Review: Halloween 4: The Return of Michael Myers

Now that the con is over, let’s get back to the burning chart reviews that is the Halloween franchise. WARNING: This is going to be a lengthy read, even for these articles!

Today’s outing takes us into Halloween 4: The Return of Michael Myers. This saw the departure of the idea to turn the franchise into an anthology after the abysmal Halloween III: The Season of the Witch, and back to the original concept of this masked killer on the prowl in Haddonfield, IL. While this movie boasted the return of it the slasher icon, it did not bring back John Carpenter who had decided that this was not going anywhere he wanted to take it. He had one idea left for this (leaving the writing of this to Dennis Etchison), which was to go back to the town 10 years after and see what the ghost of Michael Myers had left the condition of this town in. It wasn’t so much an actual ghost, but the idea that Michael had completely changed the feel of the town, and a bunch of teenagers would eventually try and bring the town out of its doldrums. While doing this it would have kicked back up the fears and deaths would ensue, but was it really the ghost of Michael or something else? The producer disagreed in the direction this story would take, feeling that this would be too “cerebral”. Carpenter and his partner; Debra Hill, sold their rights to the franchise to Moustapha Akkad (the producer). With Akkad in full control of the franchise, he wanted to return Halloween back to its basics. This is a move that failed, by my standpoint.

This movie not only saw Michael Myers return, but it also brought back Donald Pleasence as Dr. Sam Loomis, introduced Ellie Cornell as Rachel Carruthers, and 11 year old Danielle Harris as Jamie Lloyd. Jamie is the daughter of Laurie Strode (Jamie Lee Curtis’) character from the first two movies. It was directed by Dwight Little and hit theaters October of 1988.

The Plot: It’s been 10 years since Michael Myers last stalked the streets of Haddonfield. Since the explosion that severely burned both Michael and Loomis, the killer has laid in a coma in a large sanitarium. Two paramedics show up to transfer Myers back to Smith’s Grove Sanitarium (which he escaped from in the first movie), but Loomis is not there himself to see his patient off. As he lay there in the ambulance  the two paramedics fill us in on two key points that have gone on while we were away. The first is that Laurie Strode died in a horrible car accident and the second is that Myers has one living relative left. Laurie left behind a daughter; Jamie Lloyd who is 8 years old and not able to take custody of her psychopathic uncle. Upon learning this, Michael kills the transport team and the movie gets underway.

Danielle Harris as Jamie Lloyd

In Haddonfield: Jamie has been living with a foster family for the last 11 months, since her parents death. Rachel Carruthers, her foster sister, has been trying to help ease her fears and sorrows. Jamie’s been having nightmares about Michael, who she calls the “Nightmare Man.” It’s made fairly obvious that the Carruthers family is having a tough time dealing with Jamie’s dreams. It’s also quite apparent that none of the Haddonfield population have forgotten that her uncle is Michael Myers. Children at school taunt her about the fact that everyday is Halloween at her home, that her mother’s dead and especially that her uncle is the Boogeyman. She tries her best to console herself, deciding that she wants to go out trick or treating with Rachel. Rachel had been informed that morning that instead of going out on the date with her boyfriend, that instead she would have to babysit. Rachel has her friend Lindsey (who is supposedly the same Lindsey that Annie was babysitting in Halloween), take them to the drug store her boyfriend is working at to pick up the costume and has an excuse to talk to him about the night.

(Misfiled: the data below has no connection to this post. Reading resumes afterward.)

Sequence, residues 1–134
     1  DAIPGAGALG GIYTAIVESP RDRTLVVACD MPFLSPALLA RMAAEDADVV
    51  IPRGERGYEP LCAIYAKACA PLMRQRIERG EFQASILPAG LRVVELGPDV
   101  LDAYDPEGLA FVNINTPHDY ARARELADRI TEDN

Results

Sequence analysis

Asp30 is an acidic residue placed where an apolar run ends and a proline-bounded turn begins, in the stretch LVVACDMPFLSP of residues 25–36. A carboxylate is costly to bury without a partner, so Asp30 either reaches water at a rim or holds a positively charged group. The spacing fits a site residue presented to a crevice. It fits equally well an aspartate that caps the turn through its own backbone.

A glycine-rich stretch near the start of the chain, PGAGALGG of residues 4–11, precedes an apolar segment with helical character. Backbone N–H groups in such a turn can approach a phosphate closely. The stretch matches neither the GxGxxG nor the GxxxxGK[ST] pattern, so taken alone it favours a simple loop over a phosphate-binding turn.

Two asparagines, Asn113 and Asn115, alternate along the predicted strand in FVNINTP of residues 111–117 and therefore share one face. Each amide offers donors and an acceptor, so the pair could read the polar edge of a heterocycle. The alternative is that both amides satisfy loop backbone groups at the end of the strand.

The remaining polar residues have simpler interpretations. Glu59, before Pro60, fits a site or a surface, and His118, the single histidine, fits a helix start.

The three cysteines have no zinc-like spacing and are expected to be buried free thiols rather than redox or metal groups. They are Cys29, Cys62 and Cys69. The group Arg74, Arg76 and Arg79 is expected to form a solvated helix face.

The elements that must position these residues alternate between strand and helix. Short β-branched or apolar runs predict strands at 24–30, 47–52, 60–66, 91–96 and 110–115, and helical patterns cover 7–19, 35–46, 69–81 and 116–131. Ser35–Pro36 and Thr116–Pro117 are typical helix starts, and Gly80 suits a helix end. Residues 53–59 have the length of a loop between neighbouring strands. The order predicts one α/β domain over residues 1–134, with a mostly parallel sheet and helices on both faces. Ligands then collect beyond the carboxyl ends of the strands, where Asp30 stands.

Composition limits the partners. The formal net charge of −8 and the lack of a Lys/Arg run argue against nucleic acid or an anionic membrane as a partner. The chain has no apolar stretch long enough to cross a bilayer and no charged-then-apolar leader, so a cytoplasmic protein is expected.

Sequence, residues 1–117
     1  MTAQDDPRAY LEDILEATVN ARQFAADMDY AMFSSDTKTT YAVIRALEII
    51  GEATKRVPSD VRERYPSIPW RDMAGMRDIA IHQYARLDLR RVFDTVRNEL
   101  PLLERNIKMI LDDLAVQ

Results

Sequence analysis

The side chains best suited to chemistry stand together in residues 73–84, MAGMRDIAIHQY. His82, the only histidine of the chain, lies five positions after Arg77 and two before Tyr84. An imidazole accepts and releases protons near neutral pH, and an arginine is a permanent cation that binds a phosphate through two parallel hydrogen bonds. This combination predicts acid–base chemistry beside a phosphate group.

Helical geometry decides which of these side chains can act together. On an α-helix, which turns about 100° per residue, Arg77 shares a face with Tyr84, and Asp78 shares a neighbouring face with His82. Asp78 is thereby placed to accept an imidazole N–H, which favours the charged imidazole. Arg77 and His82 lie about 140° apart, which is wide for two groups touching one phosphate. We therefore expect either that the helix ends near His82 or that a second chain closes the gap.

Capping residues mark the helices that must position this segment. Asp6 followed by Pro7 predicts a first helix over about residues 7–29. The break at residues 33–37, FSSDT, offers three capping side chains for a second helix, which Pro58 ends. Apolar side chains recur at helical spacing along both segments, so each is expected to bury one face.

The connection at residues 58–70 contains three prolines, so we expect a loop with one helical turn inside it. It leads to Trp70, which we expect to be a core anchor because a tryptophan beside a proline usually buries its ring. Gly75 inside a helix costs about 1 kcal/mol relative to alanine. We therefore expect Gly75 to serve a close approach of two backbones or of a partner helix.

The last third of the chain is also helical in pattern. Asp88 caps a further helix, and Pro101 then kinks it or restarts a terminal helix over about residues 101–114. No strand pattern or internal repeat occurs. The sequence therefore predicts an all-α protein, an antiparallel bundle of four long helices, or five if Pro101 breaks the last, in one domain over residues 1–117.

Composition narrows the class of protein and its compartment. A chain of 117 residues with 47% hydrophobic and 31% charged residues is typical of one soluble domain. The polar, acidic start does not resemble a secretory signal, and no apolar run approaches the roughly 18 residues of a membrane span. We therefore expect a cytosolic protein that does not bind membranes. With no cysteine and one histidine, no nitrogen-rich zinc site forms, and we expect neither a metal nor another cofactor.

A little earlier: Loomis, having learned that Michael was transferred without his knowledge, confronts the head of the sanitarium about the matter. When the head receives a phone call about the ambulance, Loomis jumps into action and tracks down the wreck. Finding Michael not in the van, and everyone telling him that there’s no possibility that Myers could have been responsible  he jumps into a car and starts his trek to Haddonfield. He catches up with Myers at a gas station, where he’s killed the attendants and stolen another mechanic’s cover-alls. Loomis pleads with Michael to kill him and leave the people of Haddonfield alone. When it appears to Loomis that he’s not reaching his patient, he opens fire only to find that Michael has moved on. As Myers escapes the scene, he hits a gas pump with his get away vehicle, causing an explosion. Loomis survives, but is left to try and hitchhike. Eventually, he finds someone willing to take him to town.